- FTSE 100 manager rakes in profits
- Shares hit new year-high
- Smaller rival sees continued outflows
The latest updates from two big asset management firms show the growing divergence in performance across the sector.
Alternative manager Intermediate Capital (ICP) delivered an impressive set of first-half results, with assets and profits up, while rival Ninety One (N91) revealed a drop in both measures over the same period.
Intermediate Capital shares gained more than 4% to a new 12-month high of £15.19 while Ninety One shares, which hit a year-low at the end of October, edged down 0.3% to 175p.
Intermediate Capital, a FTSE 100 firm which operates across structured and private equity, private debt, real assets and credit, posted a 3% increase in AUM (assets under management) to $81 billion at the end of September compared to the end of March.
Management fee income rose 5% to £234 million and performance fee income more than doubled to £29 million lifting pre-tax profit to £162.7 million from £143.7 million last year, well ahead of consensus forecasts.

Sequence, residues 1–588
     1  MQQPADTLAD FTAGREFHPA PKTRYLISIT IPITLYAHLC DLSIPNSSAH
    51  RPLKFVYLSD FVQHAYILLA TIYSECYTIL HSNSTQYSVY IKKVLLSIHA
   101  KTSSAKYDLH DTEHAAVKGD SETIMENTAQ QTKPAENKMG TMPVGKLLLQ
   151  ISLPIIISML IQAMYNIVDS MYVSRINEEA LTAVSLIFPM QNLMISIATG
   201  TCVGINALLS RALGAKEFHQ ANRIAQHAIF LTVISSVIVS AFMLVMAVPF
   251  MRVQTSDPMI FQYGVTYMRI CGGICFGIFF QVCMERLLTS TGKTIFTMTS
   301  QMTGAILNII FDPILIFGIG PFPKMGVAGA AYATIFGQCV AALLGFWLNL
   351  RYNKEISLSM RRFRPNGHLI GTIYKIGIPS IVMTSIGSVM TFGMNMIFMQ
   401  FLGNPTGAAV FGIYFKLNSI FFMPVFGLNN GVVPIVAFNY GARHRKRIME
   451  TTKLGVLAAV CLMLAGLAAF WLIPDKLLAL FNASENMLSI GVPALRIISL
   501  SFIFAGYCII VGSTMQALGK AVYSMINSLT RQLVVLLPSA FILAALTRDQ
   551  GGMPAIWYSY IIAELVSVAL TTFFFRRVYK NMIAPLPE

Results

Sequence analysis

The group had ‘a strategically and financially successful first half’, said chief executive and chief investment officer Benoit Durteste.
‘Key funds generated value for our clients and shareholders, with low default rates, resilient NAVs (net asset values) and $1.9bn of realisations. This is underpinned by portfolio companies being appropriately capitalised and growing their earnings.
‘Today, clients in our debt funds are enjoying historically high returns, and our teams in more equity-oriented funds are successfully navigating the impact of rising rates on those portfolios’, commented Durteste.
In contrast, FTSE 250-listed Ninety One, which invests in more traditional assets, reported a 5% drop in AUM to £123.1 billion at the end of September, including £4.3 billion of net outflows.
Pre-tax profit fell 6% to £104 million and the firm cut its interim dividend by 9% from 6.5p to 5.9p per share.
Founder and chief executive Hendrik du Toit blamed rising interest rates and increased geopolitical uncertainty for ‘investor caution’.
‘Equity markets have been driven by narrow sectoral and geographic performance. These factors have dampened investor appetite for emerging markets and public equities in general. We expect these conditions to remain for the rest of the financial year’, added du Toit.